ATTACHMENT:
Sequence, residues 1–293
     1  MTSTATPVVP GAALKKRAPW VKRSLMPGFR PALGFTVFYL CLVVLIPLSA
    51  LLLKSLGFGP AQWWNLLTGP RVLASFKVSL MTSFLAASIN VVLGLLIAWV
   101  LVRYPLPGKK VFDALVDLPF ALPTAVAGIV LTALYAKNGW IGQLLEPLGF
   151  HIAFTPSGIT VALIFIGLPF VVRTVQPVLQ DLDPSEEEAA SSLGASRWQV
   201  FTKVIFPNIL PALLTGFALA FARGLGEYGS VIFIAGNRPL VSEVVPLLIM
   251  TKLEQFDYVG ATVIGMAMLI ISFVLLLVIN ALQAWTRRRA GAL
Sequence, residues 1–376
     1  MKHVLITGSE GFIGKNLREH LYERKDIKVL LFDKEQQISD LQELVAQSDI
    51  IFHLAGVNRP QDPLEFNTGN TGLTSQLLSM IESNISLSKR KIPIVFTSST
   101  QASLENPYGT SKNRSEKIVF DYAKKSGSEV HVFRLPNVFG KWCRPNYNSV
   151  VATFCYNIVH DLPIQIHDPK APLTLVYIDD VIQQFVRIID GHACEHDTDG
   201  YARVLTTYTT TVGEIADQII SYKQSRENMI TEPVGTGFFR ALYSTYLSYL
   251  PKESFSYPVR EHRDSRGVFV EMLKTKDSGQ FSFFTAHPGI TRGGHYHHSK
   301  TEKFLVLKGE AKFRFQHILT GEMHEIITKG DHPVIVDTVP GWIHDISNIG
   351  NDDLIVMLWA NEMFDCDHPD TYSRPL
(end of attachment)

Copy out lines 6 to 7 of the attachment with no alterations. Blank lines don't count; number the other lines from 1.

   201  FTKVIFPNIL PALLTGFALA FARGLGEYGS VIFIAGNRPL VSEVVPLLIM
   251  TKLEQFDYVG ATVIGMAMLI ISFVLLLVIN ALQAWTRRRA GAL